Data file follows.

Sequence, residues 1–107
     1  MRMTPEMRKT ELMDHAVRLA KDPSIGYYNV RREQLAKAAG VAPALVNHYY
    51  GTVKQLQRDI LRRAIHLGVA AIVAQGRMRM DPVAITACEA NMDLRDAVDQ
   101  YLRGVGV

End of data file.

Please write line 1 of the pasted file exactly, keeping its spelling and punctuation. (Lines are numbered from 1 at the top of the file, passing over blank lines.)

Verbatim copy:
Sequence, residues 1–107